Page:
John Mundy, the chairman of Central Oregon Community College’s board of directors, resigned effective immediately from the board Friday morning, mainly because of stress from what he said was negative press the college has received during his tenure.
“I’m sorry for the situation I’m putting the college in, but I can’t do this anymore,” he said. “It’s too stressful for me, and I’m not putting in 20 hours a week to put up with this bulls---.”
Mundy resigned in an email addressed to COCC President Shirley Metcalf.
“It has become apparent in recent months that I am unable to effectively work with you or your staff on issues relating to the college,” he wrote.
He didn’t wish to discuss issues with COCC staff members with The Bulletin and said, “I wish Shirley and the board the best.”
Mundy said a major reason for his resignation was that COCC’s communication department didn’t have a good relationship with The Bulletin, and it was hindering his ability to recruit a replacement for Metcalf, who has said she’s retiring at the end of the school year. Specifically, he cited multiple recent editorials from The Bulletin that were “close to the last straw.”
Recently, the Bulletin editorial board has written about COCC campus security under-reporting crimes to Bend police and the militarization of COCC’s campus security vehicles. The Bulletin has also reported at length on the 2016 murder of Kaylee Sawyer at the hands of COCC security guard Edwin Lara on campus, and the fallout from that incident, including Sawyer’s family filing a federal lawsuit against the college.
These issues have fed long-simmering tension between COCC campus security and the Bend Police Department and Deschutes County District Attorney’s office over what police have described as campus security acting too much like police. Law enforcement officials have said COCC hasn’t done enough to keep to promises to tone down its campus security. Bend Police Chief Jim Porter said this endangers the community and denies crime victims their constitutional rights. Porter and others are behind a legislative effort to “depolice” campus security in Oregon.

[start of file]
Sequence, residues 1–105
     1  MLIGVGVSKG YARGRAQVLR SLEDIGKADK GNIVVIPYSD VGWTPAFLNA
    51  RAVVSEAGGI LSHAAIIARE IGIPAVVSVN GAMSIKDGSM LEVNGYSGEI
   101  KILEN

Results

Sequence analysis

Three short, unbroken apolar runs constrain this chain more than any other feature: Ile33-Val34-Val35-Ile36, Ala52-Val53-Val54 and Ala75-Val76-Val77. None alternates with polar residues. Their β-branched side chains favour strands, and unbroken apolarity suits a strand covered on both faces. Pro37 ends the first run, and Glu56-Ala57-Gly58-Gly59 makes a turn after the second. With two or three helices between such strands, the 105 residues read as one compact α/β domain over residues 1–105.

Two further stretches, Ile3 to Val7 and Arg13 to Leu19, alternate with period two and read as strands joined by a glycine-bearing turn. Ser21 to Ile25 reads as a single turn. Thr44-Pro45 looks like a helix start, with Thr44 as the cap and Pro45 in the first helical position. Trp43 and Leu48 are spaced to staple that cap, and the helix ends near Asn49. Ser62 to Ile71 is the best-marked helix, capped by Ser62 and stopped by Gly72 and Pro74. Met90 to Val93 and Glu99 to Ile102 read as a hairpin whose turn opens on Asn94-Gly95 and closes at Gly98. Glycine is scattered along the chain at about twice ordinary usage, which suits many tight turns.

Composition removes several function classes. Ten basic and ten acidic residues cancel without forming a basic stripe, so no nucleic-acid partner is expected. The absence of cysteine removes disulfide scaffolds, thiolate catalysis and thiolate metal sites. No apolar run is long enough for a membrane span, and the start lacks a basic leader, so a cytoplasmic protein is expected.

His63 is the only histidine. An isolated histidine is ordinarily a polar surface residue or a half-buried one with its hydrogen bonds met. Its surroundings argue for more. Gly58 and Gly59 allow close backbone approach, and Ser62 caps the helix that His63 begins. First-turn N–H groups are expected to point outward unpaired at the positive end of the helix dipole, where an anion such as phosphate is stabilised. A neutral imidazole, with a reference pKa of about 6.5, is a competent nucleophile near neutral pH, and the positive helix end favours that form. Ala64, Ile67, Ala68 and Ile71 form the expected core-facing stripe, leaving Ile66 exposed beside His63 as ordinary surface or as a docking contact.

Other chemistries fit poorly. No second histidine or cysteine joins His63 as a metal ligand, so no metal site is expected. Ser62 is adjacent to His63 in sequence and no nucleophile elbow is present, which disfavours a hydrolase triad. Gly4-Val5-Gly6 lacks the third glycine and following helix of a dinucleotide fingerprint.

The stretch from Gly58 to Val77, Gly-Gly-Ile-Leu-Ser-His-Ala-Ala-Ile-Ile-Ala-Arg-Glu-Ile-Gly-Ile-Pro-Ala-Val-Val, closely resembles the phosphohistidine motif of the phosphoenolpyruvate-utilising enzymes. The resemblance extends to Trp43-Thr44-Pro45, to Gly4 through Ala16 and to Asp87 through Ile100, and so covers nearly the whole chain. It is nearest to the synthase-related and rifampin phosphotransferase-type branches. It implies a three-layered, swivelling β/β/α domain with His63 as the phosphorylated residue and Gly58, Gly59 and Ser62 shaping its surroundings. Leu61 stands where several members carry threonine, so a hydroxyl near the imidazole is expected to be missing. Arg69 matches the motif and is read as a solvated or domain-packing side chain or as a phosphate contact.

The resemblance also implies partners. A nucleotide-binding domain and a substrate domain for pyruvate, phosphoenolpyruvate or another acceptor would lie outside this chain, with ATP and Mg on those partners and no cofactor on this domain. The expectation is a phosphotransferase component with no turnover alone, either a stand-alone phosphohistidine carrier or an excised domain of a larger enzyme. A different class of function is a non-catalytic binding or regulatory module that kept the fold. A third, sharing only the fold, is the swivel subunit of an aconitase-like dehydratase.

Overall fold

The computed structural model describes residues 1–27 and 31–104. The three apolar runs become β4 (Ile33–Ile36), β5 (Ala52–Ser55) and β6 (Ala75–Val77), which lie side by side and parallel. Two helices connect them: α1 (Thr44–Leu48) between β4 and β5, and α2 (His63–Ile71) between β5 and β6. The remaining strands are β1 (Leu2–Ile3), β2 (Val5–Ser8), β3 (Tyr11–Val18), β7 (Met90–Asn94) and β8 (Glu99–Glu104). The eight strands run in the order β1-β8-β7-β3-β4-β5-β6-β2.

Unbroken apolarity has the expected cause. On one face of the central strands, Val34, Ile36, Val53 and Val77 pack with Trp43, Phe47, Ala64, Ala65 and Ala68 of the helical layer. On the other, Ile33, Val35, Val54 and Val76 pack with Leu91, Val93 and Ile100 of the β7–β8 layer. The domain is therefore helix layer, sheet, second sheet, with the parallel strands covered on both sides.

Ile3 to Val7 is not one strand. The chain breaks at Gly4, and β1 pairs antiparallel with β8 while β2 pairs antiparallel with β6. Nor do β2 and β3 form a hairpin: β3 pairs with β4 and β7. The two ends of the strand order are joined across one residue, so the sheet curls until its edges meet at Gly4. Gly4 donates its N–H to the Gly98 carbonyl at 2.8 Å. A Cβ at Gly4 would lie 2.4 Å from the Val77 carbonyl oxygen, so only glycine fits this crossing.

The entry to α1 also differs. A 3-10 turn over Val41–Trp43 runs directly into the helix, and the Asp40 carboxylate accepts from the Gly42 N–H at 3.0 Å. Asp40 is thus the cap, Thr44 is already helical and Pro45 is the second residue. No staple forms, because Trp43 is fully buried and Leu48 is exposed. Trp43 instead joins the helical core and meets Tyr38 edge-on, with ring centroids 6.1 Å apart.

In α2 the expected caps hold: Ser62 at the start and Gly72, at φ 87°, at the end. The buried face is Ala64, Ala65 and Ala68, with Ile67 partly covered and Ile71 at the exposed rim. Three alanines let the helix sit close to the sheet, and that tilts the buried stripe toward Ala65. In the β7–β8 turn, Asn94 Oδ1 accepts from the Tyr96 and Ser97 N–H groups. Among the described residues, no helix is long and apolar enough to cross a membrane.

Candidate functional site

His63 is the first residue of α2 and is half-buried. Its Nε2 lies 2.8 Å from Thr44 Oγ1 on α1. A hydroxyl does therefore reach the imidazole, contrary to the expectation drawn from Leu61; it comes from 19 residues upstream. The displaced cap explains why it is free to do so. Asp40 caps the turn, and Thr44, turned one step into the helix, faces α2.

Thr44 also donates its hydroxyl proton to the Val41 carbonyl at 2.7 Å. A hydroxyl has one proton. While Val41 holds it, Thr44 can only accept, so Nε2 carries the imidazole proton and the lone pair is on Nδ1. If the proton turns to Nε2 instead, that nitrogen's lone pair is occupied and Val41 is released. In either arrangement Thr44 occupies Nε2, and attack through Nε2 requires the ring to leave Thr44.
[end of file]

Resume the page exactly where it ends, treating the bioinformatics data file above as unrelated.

Mundy said the editorial board never called him to get his side of the story whenever they wrote an editorial, and he felt like recent editorials have felt like “an attack on the board.”
He did clarify that Sawyer’s family’s lawsuit was only “one of a number of things” that cause him to resign, and wasn’t nearly as much of a factor as the stress caused by what he said was bad press. He said his previous positions working for San Francisco’s port and public utilities commissions didn’t bring as much news-related stress.
“Any bonehead should know that any bad media should impact our ability to recruit,” he said. “I can’t fix it. I’m one person, and I hope the person that’s been recruited (to replace Metcalf) can fix it.”
Metcalf said she was surprised by Mundy’s resignation, and wasn’t sure why it happened.
“I really enjoyed working with him; he has contributed a lot to our college,” she said.
Mundy’s four-year term, his first on COCC’s board, was set to expire in May. As for his future plans, Mundy declined to share, saying “I probably wouldn’t share it with your newspaper.”
COCC spokesman Ron Paradis said a special board meeting will be at 10 a.m. Monday to elect board officers and discuss the process to fill Mundy’s vacant seat.
— Reporter: 541-617-7854, firstname.lastname@example.org